Saturday, January 25, 2014

The Pacific War was About Oil

In the latter part of his life, U.S. Navy Admiral Hyman Rickover predicted that the next wars the United States fought would be over access to oil. His conclusions proved remarkably accurate. The last ten years have seen the U.S. involved in conflicts in the Middle East, source of some of the world’s largest oil reserves.

For several decades, the U.S. has been a net oil importer. As local reserves diminished, it proved too easy to just replace them with foreign purchases. The point that modern industrial society cannot support itself without reliable sources of energy seemed to be forgotten. Then the Arab Oil Embargo of the 1970s shattered our illusions. The United States had become an an oil “have-not.”

Japan faced an energy crisis in 1941 that led directly to their attack on western colonies in the Far East. Since the opening of Japan to world trade by Admiral Perry in the mid-Nineteenth Century, the country had been striving to become a modern industrialized nation. From an archaic feudal society, the country made a great leap forward into the modern world. Desiring all the trappings of a major power, Japan turned to Germany to build her army and to Great Britain to construct an up-to-date navy. Consultants from all over the world helped develop their heavy industry.

Japan lacked one key ingredient to fulfill their aspirations—a local supply natural resources. Like many nations, they were forced to purchase them abroad. The U.S. was a major player in this trade, becoming Japan’s major source of oil and the scrap iron required to produce steel. While fostering world trade, these imports created a balance of payments problem for the Japanese. They successfully negotiated this situation until the 1920s.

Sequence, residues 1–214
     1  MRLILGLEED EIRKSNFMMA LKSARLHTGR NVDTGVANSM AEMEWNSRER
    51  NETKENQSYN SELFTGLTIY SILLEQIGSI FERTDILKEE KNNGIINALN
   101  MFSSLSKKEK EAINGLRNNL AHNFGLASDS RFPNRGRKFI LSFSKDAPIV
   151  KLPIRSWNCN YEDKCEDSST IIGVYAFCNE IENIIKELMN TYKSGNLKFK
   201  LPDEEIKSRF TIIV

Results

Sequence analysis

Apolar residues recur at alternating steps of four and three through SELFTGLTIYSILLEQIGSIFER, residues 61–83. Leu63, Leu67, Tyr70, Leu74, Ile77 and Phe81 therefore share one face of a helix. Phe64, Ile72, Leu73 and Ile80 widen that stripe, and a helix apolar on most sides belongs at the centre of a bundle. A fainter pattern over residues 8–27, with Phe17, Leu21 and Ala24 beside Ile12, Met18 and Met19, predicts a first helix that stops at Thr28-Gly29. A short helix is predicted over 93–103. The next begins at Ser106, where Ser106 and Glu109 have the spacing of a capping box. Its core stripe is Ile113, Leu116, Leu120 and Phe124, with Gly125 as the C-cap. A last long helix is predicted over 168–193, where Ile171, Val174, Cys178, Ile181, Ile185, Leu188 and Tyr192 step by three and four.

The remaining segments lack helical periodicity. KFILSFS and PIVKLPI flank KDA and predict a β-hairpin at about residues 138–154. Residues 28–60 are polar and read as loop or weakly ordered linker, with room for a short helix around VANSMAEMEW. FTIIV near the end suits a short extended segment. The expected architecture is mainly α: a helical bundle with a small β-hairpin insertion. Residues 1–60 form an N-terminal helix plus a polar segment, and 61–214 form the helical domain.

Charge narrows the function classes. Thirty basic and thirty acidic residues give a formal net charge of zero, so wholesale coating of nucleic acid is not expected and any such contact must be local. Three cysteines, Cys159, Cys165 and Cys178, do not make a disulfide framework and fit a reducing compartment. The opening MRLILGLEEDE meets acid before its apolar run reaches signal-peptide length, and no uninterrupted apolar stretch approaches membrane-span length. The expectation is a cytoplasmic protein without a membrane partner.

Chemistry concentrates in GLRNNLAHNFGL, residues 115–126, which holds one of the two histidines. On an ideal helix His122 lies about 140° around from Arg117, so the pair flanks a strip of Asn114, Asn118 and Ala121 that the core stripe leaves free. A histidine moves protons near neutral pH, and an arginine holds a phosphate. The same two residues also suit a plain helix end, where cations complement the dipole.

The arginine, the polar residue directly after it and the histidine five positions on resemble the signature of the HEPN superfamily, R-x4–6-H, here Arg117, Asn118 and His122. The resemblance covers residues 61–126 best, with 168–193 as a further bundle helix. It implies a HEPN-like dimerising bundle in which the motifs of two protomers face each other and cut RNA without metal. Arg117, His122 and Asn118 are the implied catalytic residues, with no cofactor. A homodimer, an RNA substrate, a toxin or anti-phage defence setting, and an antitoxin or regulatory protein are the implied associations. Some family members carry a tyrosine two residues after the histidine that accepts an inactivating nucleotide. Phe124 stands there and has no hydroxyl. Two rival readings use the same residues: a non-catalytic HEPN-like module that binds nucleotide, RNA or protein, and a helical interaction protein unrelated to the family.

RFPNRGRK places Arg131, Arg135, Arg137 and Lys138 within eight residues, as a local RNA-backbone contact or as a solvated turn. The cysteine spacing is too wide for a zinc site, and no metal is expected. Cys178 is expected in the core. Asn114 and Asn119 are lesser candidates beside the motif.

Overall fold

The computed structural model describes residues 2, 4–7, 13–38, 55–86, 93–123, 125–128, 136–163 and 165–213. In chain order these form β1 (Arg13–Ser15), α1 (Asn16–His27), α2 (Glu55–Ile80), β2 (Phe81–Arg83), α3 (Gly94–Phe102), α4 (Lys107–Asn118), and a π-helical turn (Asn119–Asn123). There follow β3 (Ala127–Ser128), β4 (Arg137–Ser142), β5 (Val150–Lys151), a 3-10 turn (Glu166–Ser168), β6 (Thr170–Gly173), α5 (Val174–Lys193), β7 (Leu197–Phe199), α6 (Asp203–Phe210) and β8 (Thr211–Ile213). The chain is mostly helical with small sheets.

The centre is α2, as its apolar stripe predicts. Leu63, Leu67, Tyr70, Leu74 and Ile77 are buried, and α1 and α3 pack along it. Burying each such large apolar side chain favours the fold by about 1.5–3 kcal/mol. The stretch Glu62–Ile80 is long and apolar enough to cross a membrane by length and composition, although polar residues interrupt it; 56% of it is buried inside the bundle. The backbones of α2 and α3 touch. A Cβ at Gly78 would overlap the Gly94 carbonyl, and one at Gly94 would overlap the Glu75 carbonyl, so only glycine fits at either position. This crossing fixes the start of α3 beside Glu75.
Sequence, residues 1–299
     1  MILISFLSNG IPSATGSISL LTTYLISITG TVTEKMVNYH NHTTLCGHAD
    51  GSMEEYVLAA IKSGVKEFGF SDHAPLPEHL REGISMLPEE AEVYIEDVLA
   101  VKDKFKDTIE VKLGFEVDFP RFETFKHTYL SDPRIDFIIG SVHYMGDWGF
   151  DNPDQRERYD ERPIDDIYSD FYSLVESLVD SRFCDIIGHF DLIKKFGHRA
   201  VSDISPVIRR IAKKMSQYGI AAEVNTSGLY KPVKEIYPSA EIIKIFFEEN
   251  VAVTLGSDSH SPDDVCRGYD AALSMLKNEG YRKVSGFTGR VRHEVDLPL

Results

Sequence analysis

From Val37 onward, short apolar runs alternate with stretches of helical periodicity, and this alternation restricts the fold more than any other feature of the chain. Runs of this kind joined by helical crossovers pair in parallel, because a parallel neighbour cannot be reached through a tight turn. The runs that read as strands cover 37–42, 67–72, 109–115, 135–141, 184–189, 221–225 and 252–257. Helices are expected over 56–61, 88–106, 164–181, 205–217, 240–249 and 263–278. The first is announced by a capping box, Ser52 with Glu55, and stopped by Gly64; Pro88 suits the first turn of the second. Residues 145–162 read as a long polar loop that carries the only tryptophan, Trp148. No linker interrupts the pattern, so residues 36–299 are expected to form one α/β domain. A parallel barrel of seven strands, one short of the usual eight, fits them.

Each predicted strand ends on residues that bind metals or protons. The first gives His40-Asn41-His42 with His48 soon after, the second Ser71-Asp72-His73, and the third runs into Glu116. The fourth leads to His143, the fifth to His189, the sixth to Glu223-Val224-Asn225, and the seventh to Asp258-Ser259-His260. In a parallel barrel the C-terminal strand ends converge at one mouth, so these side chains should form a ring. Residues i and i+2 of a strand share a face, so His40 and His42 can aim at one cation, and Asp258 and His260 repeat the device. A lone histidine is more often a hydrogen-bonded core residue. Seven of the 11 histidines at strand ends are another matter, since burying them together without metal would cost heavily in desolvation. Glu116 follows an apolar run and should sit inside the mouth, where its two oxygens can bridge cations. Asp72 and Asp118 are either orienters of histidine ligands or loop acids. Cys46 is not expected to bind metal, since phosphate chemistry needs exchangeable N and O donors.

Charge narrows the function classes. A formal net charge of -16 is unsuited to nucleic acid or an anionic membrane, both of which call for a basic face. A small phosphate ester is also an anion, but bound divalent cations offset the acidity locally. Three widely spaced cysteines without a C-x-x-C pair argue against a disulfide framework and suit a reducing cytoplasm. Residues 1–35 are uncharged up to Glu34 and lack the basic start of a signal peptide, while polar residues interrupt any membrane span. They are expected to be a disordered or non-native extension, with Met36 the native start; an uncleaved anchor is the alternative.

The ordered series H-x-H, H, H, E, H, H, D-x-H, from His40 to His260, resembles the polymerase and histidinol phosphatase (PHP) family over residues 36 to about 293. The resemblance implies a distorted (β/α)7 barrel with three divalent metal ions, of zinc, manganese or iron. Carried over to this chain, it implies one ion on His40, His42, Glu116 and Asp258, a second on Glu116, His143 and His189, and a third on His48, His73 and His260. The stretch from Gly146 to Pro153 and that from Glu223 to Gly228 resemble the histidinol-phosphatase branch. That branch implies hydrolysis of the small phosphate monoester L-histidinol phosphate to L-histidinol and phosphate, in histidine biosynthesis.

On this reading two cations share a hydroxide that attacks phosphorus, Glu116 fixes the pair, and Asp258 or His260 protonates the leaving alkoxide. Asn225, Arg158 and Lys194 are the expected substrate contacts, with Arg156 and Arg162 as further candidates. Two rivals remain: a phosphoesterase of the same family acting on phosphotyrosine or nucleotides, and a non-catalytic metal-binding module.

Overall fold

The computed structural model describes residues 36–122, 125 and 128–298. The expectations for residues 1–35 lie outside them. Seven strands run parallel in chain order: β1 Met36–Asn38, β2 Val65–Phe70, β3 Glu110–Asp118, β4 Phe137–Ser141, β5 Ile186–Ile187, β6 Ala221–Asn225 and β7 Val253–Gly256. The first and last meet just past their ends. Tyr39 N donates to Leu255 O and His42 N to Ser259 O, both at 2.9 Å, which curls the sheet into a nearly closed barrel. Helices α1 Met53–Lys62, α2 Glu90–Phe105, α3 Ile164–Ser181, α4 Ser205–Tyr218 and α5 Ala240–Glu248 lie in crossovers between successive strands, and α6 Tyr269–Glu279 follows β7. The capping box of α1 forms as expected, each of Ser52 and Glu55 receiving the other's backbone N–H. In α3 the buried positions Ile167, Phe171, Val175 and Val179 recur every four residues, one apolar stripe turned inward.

The Great Depression hit Japan particularly hard. The hardships being endured prompted many ultra nationalists in the armed forces to advocate seizing the needed resources from their neighbors. Everything they needed waited just over the horizon. As more and more recruits joined their ranks, these aggressive thoughts were translated into action. The semi-autonomous Kwantung Army in Korea invaded and occupied Manchuria with its rich mineral deposits. When the League of Nations protested, Japan walked out.  Then, in 1937, Japan invaded China itself,

beginning a protracted conflict.

Long committed to its “Open Door” policy concerning China, the U.S. protested. Inspired by Pearl S. Buck’s novels and Hollywood movies, many Americans held romanticized views of China. The Japanese, however, persisted in their conquests. Sentiment built in the Roosevelt administration to impose sanctions on Japan.

When Japan occupied French Indochina (now Vietnam) in 1941, Washington finally acted, freezing Japanese assets in the U.S. This had the immediate effect of shutting off exports to Japan.  The U.S. oil tap was suddenly turned off. The finite reserves of petroleum products within Japan became a wasting asset.  Japan’s civilian government began negotiations with the U.S., attempting to find an acceptable resolution to the crisis. The ultra nationalists in the Army began pushing for a military solution.